Marine Biology

, Volume 140, Issue 4, pp 677–686 | Cite as

Energy budgets and feeding rates of Coryphaenoides acrolepis and C. armatus

  •  J. Drazen


This study develops energy budgets and estimates feeding rates for two macrourid fishes, Coryphaenoides acrolepis, dominant in the bathyal eastern North Pacific, and the abyssal cosmopolitan species, Coryphaenoides armatus. Daily energy expenditure by C. acrolepis was nearly twice that of C. armatus. C. acrolepis allocated nearly equal amounts of energy to metabolism and growth. Once sexual maturity was reached reproduction became the dominant energetic cost. Either these costs are necessary to retain adequate numbers of eggs and larvae on the continental slopes, or this fish does not reproduce on an annual basis and the calculated costs are an overestimate. C. armatus allocated relatively more energy to metabolism than growth. It may be semelparous, and this strategy would be of great energetic savings in its food-poor but stable environment. Individual daily ration for C. acrolepis decreased from 0.31% to 0.07% of body weight (BW) and for C. armatus from 0.12% to 0.02% BW with increasing fish length. These rates are substantially lower than those for fishes living in cold waters on the continental shelves. The population feeding rates for C. acrolepis ranged from 0.8 to 15 kg km–2 day–1 and for C. armatus from 5 to 2,800 g km–2 day–1. The scavenging behaviour of C. acrolepis was used to investigate the role of carrion as a food supply to the deep-sea benthos. It was estimated that the carrion eaten by C. acrolepis is equivalent to 0.04 mg C m–2 day–1 or only 0.2–0.4% of the average small particulate flux. Carrion consumption is important for scavengers like C. acrolepis, but it is not an important component of the carbon flux into the deep-sea benthic environment.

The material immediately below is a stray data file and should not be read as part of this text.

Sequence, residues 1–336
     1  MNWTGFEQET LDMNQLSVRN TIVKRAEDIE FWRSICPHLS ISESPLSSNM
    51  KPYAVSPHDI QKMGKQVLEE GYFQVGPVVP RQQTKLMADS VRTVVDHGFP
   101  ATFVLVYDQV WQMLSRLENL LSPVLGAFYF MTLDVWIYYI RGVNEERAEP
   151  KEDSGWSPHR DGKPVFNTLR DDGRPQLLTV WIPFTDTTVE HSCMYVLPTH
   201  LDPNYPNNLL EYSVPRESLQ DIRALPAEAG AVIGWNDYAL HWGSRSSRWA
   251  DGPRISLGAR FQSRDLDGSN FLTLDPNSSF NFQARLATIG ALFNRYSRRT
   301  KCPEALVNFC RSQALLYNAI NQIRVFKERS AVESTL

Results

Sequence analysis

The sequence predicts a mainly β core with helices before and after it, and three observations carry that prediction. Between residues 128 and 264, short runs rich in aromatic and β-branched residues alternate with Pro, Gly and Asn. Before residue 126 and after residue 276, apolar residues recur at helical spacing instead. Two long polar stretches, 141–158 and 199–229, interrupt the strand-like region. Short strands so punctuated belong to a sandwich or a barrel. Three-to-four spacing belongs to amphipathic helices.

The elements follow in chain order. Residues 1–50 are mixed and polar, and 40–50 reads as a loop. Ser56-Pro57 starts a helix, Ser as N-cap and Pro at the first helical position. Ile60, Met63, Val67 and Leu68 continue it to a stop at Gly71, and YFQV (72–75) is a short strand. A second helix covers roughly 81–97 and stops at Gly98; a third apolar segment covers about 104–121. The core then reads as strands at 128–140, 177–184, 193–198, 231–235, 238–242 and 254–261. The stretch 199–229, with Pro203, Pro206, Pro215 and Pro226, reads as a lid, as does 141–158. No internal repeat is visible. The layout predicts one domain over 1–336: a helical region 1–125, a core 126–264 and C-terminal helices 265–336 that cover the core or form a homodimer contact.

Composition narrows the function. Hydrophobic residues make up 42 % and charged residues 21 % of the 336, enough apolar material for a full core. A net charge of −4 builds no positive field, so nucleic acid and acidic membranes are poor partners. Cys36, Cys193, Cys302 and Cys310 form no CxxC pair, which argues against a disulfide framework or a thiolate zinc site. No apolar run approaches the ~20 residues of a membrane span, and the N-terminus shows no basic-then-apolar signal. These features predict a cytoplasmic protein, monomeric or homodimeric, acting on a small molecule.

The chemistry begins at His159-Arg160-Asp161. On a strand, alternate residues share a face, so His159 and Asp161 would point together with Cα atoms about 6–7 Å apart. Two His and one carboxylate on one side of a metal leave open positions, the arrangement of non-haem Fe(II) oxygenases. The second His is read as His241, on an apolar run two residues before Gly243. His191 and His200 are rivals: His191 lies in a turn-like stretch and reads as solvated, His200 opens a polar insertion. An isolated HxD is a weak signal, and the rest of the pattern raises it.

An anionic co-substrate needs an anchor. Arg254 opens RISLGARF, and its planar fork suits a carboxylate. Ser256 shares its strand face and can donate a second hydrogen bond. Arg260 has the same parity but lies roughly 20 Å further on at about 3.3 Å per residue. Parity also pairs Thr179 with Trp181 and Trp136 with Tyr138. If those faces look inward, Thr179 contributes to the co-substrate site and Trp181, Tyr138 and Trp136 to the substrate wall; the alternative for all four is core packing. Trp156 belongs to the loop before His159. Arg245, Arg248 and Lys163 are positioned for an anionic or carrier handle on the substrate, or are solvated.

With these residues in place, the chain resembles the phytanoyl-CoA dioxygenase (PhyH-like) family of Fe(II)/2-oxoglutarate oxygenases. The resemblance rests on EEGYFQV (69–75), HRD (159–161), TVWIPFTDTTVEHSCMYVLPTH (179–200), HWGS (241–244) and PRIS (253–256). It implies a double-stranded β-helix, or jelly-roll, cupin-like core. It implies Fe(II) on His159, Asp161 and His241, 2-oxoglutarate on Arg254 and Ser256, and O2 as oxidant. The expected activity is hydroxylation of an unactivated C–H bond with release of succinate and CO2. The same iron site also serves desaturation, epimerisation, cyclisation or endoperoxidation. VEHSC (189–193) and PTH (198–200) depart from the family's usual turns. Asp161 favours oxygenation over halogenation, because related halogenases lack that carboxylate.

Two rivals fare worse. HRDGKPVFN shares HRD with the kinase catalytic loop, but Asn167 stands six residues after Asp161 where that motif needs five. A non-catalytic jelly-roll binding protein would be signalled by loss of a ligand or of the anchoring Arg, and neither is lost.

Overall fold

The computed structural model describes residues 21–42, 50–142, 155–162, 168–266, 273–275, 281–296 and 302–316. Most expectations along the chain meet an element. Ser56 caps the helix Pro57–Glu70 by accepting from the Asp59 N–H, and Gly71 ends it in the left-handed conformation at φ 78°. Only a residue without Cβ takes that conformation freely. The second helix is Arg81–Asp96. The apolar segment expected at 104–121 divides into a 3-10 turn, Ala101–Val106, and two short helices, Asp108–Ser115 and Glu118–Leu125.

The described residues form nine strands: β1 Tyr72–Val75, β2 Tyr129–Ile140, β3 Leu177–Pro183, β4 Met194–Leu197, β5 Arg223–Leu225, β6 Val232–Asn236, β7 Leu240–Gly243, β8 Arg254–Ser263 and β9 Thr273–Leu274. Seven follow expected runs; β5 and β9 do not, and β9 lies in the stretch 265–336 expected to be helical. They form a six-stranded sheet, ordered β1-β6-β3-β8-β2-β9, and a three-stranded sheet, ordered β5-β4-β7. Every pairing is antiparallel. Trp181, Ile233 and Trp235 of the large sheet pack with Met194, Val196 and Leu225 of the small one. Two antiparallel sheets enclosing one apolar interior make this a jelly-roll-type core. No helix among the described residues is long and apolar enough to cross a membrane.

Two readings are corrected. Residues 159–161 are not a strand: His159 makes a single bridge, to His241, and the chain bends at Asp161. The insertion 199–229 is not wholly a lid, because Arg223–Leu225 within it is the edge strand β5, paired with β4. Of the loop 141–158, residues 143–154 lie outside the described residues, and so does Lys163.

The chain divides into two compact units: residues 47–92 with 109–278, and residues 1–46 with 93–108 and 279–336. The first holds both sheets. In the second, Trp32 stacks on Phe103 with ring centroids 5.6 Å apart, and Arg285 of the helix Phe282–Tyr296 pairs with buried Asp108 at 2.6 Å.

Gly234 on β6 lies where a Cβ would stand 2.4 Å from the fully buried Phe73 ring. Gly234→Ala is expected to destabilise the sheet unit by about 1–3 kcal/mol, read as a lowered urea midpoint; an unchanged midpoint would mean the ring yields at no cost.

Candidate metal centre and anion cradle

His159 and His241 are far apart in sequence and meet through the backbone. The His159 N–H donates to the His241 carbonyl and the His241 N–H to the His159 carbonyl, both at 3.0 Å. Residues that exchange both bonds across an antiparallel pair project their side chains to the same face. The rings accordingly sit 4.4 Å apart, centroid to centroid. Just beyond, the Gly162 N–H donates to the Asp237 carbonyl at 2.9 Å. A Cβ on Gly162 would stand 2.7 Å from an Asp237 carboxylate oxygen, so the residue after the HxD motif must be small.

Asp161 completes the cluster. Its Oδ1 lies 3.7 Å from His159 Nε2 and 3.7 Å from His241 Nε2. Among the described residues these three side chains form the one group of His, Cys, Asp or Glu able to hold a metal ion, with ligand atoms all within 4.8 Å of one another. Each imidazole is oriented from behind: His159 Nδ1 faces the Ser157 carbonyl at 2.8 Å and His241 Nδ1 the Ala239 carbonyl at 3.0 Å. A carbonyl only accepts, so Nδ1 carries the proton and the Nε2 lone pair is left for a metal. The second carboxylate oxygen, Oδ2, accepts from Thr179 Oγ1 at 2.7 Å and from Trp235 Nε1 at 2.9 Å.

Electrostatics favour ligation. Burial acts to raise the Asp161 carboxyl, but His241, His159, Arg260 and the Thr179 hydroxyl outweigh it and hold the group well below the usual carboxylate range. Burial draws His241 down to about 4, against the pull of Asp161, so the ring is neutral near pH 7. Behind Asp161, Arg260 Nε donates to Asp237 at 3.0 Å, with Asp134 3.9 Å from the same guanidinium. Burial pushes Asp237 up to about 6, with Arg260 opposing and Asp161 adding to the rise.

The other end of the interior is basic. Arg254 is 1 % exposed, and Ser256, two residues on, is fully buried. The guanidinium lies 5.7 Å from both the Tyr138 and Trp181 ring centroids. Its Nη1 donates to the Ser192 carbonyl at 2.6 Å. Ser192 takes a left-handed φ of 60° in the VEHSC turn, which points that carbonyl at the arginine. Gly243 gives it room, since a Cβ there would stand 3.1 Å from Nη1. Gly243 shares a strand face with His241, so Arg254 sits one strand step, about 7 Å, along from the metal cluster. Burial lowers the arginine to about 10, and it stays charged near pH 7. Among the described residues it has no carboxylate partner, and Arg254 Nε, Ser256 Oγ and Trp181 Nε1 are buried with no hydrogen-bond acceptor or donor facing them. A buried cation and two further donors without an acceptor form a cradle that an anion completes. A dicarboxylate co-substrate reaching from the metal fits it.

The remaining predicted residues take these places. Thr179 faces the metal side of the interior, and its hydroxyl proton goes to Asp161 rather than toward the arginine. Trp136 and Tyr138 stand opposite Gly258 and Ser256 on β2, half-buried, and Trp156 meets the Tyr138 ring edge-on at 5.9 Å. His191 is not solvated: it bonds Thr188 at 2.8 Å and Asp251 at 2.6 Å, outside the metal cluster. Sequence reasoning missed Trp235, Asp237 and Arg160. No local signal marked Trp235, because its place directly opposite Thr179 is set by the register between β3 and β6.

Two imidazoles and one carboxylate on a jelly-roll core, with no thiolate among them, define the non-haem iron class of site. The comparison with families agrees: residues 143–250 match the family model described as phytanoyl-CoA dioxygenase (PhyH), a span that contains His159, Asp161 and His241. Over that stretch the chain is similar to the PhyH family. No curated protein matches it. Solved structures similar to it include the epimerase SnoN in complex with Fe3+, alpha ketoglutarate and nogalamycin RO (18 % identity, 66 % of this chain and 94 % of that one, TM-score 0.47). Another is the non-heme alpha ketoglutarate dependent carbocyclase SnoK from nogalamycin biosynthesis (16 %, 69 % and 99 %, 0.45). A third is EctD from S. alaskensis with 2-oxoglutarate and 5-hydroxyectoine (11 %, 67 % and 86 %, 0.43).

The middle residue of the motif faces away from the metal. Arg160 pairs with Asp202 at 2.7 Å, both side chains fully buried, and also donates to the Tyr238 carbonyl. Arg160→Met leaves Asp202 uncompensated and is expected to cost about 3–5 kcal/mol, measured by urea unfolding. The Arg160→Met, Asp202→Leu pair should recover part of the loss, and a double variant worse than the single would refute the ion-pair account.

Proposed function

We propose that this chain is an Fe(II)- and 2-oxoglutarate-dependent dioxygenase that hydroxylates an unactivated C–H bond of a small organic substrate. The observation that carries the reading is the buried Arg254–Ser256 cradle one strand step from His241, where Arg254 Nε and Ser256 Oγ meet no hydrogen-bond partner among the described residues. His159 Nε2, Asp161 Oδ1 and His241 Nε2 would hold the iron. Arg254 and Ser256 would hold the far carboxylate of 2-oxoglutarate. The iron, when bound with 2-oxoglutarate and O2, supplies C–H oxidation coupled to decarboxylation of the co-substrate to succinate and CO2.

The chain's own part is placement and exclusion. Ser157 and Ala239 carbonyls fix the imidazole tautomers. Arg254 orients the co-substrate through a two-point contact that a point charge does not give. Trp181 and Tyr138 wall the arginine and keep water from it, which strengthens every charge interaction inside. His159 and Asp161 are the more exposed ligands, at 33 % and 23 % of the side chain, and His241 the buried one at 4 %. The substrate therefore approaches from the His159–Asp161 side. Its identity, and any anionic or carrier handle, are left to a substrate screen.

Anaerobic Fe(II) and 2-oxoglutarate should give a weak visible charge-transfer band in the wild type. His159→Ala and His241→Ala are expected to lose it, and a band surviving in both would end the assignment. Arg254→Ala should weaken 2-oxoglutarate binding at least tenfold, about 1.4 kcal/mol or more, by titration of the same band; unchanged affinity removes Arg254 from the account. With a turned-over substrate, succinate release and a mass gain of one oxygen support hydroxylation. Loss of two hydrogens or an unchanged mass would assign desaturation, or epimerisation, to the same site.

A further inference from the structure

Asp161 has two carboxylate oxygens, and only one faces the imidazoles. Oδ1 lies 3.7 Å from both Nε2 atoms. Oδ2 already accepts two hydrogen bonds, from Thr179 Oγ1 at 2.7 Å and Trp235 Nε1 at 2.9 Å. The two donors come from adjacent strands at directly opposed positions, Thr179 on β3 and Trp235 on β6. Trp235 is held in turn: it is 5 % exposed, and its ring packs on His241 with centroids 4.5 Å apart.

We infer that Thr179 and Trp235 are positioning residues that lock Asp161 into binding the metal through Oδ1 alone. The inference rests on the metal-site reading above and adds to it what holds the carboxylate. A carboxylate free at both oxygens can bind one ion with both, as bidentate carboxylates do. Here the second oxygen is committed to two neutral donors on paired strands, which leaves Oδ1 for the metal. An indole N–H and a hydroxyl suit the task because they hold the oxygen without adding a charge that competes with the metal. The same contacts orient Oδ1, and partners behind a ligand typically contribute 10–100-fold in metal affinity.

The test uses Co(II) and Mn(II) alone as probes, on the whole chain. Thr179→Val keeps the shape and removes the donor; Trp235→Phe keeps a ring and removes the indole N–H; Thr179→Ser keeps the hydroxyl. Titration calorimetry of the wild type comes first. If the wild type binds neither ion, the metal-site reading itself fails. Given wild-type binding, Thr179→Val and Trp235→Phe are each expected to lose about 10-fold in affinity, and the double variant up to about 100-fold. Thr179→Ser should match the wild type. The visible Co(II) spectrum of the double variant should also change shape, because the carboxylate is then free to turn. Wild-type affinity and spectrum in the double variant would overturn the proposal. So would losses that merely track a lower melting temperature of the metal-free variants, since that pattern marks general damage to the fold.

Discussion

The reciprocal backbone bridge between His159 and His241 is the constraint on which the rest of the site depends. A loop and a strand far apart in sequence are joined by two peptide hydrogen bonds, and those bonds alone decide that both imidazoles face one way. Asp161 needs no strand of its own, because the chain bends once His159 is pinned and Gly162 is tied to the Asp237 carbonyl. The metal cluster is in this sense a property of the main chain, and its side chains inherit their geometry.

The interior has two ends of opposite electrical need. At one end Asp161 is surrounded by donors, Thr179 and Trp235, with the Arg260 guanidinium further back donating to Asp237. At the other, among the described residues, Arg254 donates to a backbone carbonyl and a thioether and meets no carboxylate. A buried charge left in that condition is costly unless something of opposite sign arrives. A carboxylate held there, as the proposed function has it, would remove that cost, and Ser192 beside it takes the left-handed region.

Continental Shelf Energy Budget Sexual Maturity Continental Slope Carbon Flux 
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Copyright information

© Springer-Verlag 2002

Authors and Affiliations

  •  J. Drazen
    • 1
  1. 1.Scripps Institution of Oceanography, University of California, San Diego, Marine Biology Research Division, 9500 Gilman Drive, La Jolla, CA 92093-0202, USA

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